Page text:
Nationals

Nationals

When Kawhi Leonard walked off the Staples Center floor Friday night, a fellow former San Diego State attendee caught his eye.

Stephen Strasburg was sitting courtside near the end of the bench. Leonard stopped for a brief greeting after recognizing him. To Strasburg’s right was a smiling Scott Boras.

The quick exchange sent social media palpitating -- as just about anything does -- because free agent Stephen Strasburg was in Los Angeles with Boras. It also provided a clear reminder of what is at stake with Strasburg and Anthony Rendon. Both could be gone next year, prompting debates about how they will be received when returning to Washington, who was at fault for their departure and what more should have been done.

Let’s assume it happens.

Not because that is the probable outcome -- retaining one of them, probably Strasburg, appears the most likely outcome. But instead because this is a discussion about contingencies. If they both leave, where do the Nationals go?

We know a few things to guide a discussion about what the Nationals could do without two of their most important players:

-- The competitive balance tax threshold moves to $208 million next season and the Nationals reset their penalty clock in 2019 by staying under the $206 million threshold. This provides them wiggle room financially as well as a chance to maintain their usual top-10 spending. Only once in the last five years did the Nationals’ payroll land outside of the top 10. They will spend.

-- Strasburg was set to make $25 million next season. That was on the books. It’s now in hand.

 

-- A seven-year, $210 million offer to Rendon means a budget with another roughly $30 million (which would be a raise of $12.2 million for Rendon after playing under a significant salary last season provided for goodwill and to avoid arbitration). More money there.

-- The free agent class is not great beyond Gerrit Cole, Strasburg and Rendon. 

So, where can the Nationals dump their funds to remain competitive? All the options live with the duality of being flawed but reasonable.

First, to the pitching. Max Scherzer, Patrick Corbin and Aníbal Sánchez remain. The fifth spot will be a toss-up for Austin Voth, Joe Ross and Erick Fedde. Perhaps a veteran is at spring training for a look, too. But, no matter what happens with Strasburg, the other four slots are clear.

Which means Washington is looking for a No. 3 starter, essentially. Hyun-Jin Ryu and Zack Wheeler are the two most compelling options. 

Ryu is 33 years old, put together a 2019 that almost doubled his second-best year in production and is a pitcher focused on command. 

Wheeler is enticing. And frustrating. He’s 29 years old, but there is not much mileage on his arm since he missed 2016 and 2017 because of a UCL tear (Tommy John surgery) and mild flexor strain during his rehabilitation. Wheeler’s innings pitched have increased each season since he returned to the major leagues: 86 1/3 innings, 182 1/3, 195 1/3. His raw stuff suggests he should be a more dominant pitcher. His 2019 FIP (3.48) suggests he is not there. However, his 2019 fWAR, 4.7, put him eighth in the National League.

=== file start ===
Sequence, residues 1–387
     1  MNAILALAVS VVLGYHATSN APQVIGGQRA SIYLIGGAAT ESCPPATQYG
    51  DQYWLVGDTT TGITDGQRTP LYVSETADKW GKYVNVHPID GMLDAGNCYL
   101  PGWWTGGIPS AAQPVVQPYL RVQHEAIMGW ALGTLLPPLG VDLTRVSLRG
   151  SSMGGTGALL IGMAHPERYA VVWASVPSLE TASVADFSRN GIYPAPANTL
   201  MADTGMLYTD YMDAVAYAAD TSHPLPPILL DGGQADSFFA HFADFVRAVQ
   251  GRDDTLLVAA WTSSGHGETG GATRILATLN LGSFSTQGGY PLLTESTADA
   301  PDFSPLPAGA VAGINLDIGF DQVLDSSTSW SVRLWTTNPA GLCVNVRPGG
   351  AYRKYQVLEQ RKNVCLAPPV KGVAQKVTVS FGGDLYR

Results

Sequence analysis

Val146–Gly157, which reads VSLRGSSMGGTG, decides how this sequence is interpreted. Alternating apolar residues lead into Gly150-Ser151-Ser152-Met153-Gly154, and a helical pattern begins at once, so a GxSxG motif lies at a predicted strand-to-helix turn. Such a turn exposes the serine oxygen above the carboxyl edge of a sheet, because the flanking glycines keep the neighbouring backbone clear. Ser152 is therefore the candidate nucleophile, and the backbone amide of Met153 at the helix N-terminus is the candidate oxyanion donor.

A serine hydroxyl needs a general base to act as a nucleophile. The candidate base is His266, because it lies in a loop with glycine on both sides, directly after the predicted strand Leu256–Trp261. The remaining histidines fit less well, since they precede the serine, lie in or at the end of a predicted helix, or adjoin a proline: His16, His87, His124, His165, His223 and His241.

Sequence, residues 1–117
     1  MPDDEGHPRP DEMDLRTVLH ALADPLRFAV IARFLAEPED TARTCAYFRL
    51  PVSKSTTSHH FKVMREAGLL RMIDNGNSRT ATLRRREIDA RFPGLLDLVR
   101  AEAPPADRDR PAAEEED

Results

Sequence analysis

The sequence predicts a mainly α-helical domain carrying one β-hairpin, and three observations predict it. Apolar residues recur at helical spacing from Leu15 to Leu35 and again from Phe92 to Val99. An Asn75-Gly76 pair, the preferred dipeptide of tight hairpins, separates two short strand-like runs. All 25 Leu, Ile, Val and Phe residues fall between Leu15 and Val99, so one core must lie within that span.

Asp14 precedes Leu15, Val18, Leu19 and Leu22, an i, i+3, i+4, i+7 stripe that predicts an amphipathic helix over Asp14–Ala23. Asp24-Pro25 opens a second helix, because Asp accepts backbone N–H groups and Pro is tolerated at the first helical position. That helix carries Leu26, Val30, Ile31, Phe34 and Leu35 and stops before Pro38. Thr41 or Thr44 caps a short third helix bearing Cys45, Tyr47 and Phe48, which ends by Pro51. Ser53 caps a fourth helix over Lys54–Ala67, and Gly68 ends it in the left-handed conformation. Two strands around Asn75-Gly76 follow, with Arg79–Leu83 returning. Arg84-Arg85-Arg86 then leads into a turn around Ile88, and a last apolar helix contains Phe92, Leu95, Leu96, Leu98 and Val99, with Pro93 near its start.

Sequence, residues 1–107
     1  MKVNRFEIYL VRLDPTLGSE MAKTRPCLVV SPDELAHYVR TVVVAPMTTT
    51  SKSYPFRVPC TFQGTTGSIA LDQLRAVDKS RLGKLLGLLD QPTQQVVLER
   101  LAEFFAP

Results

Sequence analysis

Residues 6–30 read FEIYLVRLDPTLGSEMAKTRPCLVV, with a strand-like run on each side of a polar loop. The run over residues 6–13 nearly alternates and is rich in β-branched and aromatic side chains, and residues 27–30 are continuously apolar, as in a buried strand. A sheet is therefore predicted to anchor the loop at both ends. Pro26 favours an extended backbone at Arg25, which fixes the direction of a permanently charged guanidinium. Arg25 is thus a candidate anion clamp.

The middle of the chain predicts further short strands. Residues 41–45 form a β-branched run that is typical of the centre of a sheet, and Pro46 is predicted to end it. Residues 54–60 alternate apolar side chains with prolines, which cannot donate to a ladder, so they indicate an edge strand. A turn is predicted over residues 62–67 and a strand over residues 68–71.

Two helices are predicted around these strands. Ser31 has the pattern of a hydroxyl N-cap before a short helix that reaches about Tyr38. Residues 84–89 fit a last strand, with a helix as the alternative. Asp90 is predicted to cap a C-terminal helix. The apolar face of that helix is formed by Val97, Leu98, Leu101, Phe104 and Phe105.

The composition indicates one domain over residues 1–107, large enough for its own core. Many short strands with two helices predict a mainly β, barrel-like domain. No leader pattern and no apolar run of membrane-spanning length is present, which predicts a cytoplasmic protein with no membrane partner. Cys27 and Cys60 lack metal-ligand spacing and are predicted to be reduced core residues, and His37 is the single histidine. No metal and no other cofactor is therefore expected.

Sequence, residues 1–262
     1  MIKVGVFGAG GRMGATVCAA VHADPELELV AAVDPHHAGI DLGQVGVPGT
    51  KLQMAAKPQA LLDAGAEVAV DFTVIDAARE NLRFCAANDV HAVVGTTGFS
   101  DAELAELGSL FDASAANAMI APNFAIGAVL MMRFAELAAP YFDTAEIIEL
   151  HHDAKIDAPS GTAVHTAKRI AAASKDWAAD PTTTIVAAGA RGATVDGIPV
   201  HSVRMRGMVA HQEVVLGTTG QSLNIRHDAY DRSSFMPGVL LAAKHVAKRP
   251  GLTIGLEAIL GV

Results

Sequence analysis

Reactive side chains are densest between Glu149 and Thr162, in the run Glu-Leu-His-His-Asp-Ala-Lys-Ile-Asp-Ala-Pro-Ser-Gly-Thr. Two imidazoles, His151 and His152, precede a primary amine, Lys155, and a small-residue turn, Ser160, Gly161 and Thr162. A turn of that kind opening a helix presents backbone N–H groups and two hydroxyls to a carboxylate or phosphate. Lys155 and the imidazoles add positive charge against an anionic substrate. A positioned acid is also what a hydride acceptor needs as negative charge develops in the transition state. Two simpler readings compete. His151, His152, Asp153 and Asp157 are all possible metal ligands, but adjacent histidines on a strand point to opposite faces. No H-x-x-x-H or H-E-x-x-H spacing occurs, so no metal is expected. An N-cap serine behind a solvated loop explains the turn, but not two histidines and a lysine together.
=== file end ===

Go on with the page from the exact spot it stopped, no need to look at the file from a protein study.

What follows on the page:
Dropoff from there is significant. Only a handful of teams, maybe fewer, can afford to pay Cole, which puts Ryu and Wheeler in spots to create a very competitive market for their services.

Third base is limited. Josh Donaldson is the clear second-best option behind Rendon. He will be in his age-34 season. Mike Moustakas is at least intriguing -- but may be a presence elsewhere on the field for Washington or another team. Moustakas played 44 games at second base last season. The Nationals could opt for him to mix-and-match in the infield. Signing both seems unlikely, though it would be a potent offensive situation. That lineup could look like this (with 2019 fWAR in parentheses):

Trea Turner (3.5)

Adam Eaton (L; 2.3)

Josh Donaldson (4.9)

Juan Soto (L; 4.8)

Ryan Zimmerman (0.1) 

Mike Moustakas (L; 2.8)

Victor Robles (2.5)

Kurt Suzuki (0.6)

Pitcher

That lineup does not make up for Rendon’s departure. However, it provides depth, a long line of quality at-bats and flexibility. The challenge is finding money for Donaldson and Moustakas. A wrinkle in all of this: Washington could hand the second base job to Carter Kieboom, making a push for a free agent moot at that position.

So, pull everything together this way: the rotation of Scherzer, Corbin, Wheeler, Sánchez, flavor of the day (Voth appears the front-runner). Donaldson or Moustakas at third base. A veteran second baseman (Starlin Castro, whose BABIP was down 26 points over his career average last season?) to pair with or protect Kieboom.

 

A full season from Turner would provide more offense. It’s fair to expect an uptick from Robles. Wheeler has potential to be a top-10 pitcher in the National League. Is it Strasburg and Rendon? No. Though it remains a forceful team if a full contingency plan needs to be enacted -- especially if the bullpen is simply league average.

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